Stress: Background

Stress is really nothing but pressure or tension. In itself, stress is not unhealthy. You even need a certain amount of tension to perform and function properly. A good example of this is the stress you feel before an exam, job interview, presentation or performance. This tension allows you to react alertly and gives you a certain degree of concentration.

What do you notice?

Stress puts your body in a certain state of preparedness. To respond alertly, an extra amount of adrenaline is produced. In such situations, you may notice the following:

  • Your blood pressure and your heart rate rise;
  • Your breathing becomes faster and shallower;
  • Your muscles feel tense;
  • Your throat seems to be closed and your voice is getting higher;
  • Your hands are getting colder and your face looks paler;
  • At the same time you are warm and sweat breaks out.

The blood supplies as much oxygen and energy as possible to your muscles, heart and brain to be able to respond alertly and as quickly as possible. Once the event is over, in normal circumstances the felt pressure will drop again and the body will recover.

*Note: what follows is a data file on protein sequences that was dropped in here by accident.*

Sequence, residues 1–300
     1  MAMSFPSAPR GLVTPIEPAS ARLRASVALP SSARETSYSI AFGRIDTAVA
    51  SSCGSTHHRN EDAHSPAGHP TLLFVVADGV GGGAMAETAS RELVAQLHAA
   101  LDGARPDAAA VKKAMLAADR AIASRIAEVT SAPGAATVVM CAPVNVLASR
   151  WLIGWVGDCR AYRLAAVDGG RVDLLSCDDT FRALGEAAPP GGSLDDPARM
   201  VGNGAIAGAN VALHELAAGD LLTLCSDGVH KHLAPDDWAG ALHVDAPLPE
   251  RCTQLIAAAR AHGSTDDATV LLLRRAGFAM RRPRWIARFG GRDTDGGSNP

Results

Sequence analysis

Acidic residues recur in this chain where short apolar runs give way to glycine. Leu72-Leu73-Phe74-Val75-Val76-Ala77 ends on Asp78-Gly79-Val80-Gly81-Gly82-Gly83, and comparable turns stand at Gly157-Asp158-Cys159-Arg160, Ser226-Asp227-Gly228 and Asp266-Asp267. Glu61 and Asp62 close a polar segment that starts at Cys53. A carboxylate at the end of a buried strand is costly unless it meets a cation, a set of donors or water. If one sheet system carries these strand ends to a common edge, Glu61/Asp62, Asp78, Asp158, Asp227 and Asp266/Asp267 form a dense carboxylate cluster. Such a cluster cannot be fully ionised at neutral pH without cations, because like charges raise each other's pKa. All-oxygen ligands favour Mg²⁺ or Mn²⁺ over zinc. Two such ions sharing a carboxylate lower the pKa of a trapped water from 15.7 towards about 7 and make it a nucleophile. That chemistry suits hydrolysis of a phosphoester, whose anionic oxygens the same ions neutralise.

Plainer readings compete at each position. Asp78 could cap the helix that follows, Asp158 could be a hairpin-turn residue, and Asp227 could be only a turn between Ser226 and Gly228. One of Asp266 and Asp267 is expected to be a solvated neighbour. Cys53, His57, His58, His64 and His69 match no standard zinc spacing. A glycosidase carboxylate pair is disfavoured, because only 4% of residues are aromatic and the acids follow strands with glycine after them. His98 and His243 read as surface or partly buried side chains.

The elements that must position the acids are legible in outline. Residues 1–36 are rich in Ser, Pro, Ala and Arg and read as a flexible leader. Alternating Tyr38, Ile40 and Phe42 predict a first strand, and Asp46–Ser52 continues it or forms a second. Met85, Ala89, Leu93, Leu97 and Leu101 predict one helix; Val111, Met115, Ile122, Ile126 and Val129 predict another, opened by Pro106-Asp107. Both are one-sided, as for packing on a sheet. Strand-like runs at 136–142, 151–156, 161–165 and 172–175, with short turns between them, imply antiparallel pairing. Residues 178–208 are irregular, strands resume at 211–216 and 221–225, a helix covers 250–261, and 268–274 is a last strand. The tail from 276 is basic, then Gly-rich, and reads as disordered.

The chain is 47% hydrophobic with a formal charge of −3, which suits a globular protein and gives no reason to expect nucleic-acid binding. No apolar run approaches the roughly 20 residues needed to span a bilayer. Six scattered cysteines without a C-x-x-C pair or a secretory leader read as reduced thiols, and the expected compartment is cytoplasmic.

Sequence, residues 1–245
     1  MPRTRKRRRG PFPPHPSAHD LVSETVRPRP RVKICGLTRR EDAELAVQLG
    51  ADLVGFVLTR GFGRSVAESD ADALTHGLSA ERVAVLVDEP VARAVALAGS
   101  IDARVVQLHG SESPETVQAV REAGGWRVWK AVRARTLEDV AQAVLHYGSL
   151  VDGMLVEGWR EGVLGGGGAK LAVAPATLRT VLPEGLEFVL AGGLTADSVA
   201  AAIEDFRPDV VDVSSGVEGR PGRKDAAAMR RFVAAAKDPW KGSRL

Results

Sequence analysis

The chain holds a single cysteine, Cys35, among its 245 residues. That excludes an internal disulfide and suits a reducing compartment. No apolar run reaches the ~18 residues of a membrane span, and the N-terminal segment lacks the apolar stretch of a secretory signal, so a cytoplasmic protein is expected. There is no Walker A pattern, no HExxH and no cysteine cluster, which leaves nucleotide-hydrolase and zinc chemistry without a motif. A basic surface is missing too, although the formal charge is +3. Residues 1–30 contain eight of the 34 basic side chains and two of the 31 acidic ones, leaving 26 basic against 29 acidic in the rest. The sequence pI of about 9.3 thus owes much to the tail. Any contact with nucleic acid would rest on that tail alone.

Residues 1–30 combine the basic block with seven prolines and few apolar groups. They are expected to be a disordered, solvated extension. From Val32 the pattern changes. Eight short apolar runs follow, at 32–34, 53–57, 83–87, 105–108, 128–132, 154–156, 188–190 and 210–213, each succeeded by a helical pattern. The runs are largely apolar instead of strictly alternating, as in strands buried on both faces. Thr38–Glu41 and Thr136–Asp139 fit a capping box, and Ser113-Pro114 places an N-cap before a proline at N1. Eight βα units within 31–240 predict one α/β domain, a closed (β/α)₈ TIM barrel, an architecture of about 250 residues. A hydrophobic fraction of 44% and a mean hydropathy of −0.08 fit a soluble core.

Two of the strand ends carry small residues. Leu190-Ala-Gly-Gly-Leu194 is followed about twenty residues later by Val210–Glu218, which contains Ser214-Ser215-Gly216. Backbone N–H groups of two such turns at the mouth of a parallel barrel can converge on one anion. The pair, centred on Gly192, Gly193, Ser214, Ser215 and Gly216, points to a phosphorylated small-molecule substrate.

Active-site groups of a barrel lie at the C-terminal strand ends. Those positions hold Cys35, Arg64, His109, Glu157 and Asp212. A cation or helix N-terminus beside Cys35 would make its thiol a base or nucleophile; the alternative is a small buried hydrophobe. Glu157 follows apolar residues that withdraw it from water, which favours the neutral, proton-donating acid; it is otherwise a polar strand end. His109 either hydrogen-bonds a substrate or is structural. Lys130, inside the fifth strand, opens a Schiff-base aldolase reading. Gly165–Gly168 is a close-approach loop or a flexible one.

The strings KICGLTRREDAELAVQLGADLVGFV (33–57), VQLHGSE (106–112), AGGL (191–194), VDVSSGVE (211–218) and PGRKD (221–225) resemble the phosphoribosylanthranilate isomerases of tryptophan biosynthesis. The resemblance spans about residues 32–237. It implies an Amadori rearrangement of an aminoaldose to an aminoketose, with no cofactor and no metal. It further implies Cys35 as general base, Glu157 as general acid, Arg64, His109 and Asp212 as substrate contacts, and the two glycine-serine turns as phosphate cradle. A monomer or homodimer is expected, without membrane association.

Work versus Private

A day of hard work is healthy in itself. You feel tired but satisfied. But a prolonged and frequent voltage causes a (too high) load. Moreover, stress does not only have to be caused by the work situation. You can also get quite tense due to private circumstances. Think of the enormous burden on informal care. Work stress and excessive stress in your private life influence each other. Private stress can cause you to perform worse at work. Stress is one of the major causes of absenteeism.

Signal function

However, if the stress lasts a long time, is quite intense and occurs frequently in succession, the body will at some point no longer be able to recover sufficiently. Then tension complaints arise. These complaints have a clear signaling function. Take these stress signals seriously! The sooner you recognize these signals and eliminate their causes, the smaller the chance that you will experience long-term, unhealthy stress or end up in a burnout.